Six months in I pulled a Marie Kondo and halved my wardrobe. What was the rule again? If I didn’t wear it for three months I’m probably never going to wear it again. And I was at home for all those months. It felt good to let go of ratty pambahays — although I did keep the rattiest, they’re the most comfortable ones, duh. I bid adieu to old sweaters, shirts, shoes I didn’t even know I still owned. My desk was cleared — we’re living the minimalist life now — and my posters were un-tacked from the walls. The quarantine, not KonMari, has taught me that letting go of things doesn’t mean I’m heartless. It just means keeping the things that matter the most and keeping the rest in your heart.
I never want to take the small things for granted again
Walking into the cool, quiet cinema theater and anticipating the movie. The sheer adrenaline you get jumping and screaming at a concert. Freely hugging your friends at school or in the office. Kissing babies’ cheeks. Waking up at the crack of dawn to go on a trip with friends. Sitting for hours inside an airplane and the hustle and bustle of an airport. Walking around without looking like astronauts from face shields. The list could go on for all the things I miss about our life pre-pandemic. Back then I would often brush off my friends’ invites to eat out in exchange for lounging at home in my PJs. Now that they’re a rare sight, I cherish meet-ups more than ever.
I can survive without paying for certain services
Life was better pre-pandemic, no doubt, but it was also much more expensive. Waxing salons, regular haircuts, eat-outs at restaurants, yoga classes, gym membership fees, and so on. Most of us paid for these. But since quarantine restrictions were enforced, we had no choice but to get creative. My sister and I learned DIY waxing, a new form of quarantine bonding, while the boys bought electric shavers and became quarantine barbers in their own right. Paid yoga classes? All I needed was a nifty free app and a yoga mat from Shopee. If I craved for a slice of cake, instead of buying, I would patiently try to bake myself one. I learned to explore every day and test my limits on a range of things. It’s definitely for the better because once we come out of this pandemic alive, at least I get to save up on cash.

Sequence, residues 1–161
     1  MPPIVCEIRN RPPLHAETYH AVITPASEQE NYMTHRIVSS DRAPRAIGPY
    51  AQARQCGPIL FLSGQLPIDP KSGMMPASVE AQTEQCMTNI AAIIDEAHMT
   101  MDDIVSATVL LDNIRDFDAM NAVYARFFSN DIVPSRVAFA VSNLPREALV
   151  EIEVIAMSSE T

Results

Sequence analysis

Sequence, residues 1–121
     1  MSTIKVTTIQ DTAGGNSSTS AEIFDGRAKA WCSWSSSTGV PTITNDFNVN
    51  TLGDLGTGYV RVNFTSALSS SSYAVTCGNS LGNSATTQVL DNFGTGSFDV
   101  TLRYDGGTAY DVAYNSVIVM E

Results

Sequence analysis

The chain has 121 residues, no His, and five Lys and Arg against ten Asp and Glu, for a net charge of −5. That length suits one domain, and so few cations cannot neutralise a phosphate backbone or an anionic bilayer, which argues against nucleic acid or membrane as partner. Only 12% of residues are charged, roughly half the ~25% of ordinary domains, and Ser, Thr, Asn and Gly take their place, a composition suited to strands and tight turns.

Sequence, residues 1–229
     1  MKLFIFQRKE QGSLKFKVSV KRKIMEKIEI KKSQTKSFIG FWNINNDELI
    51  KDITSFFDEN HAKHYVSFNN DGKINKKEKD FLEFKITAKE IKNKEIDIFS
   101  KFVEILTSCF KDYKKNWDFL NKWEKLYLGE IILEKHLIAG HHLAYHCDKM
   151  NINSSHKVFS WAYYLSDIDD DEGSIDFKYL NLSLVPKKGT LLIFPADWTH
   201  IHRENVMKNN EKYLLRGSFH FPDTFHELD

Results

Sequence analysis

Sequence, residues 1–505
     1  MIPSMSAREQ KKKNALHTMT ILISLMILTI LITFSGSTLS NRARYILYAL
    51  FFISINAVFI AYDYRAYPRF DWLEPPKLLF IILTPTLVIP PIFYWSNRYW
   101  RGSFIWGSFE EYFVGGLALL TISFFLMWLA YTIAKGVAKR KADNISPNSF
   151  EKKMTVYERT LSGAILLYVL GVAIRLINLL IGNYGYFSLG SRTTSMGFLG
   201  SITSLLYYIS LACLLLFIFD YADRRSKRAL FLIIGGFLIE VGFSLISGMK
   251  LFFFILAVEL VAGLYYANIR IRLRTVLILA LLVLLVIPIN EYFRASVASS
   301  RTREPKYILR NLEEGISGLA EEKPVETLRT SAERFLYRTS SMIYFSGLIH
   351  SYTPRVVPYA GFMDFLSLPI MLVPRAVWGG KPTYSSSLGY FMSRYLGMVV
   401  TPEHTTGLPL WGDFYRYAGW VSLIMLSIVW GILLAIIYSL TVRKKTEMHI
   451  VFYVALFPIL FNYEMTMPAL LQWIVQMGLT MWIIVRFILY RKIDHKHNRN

I need to be around my friends to function sometimes
We sacrificed so many things to COVID and one of these is physical connection. For the first few weeks, the novelty of quarantine made it fun, but it got old quickly. When you’re stressed and all you want is to laugh it out with your friends, it felt punishing. 365 days later, it’s still punishing. Not having your colleague sitting beside you listening to your work rants was a sad reality. I tried coping by messaging my friends more and hopping on the occasional catch-up video chats but nothing could replace face-to-face meetings.
But I also love being alone
Quarantine = solitude and I basked in it too. There were days where the Introvert Monster in my chest loved every bit of staying at home, reading books in the afternoon, bingeing Netflix in the evening. Quarantine (and turning off your WiFi) was a great way to disconnect from the world and be alone with your thoughts. Sure, that’s scary. Some of my thoughts make me feel like I’m that dog from the meme where everything around him is on fire (“This is fine”) but most of the time confinement helped me discover myself better.
It’s the quarantine’s first birthday. Our wish is for everything to go back to normal. Hopefully, there won’t be a second birthday to un-celebrate but if there is, we’re looking at another 365 days full of chances to learn more about ourselves. Ultimately, it’s up to how you respond.
What did you learn about yourself during the past 365 days? Share it with us in the comments!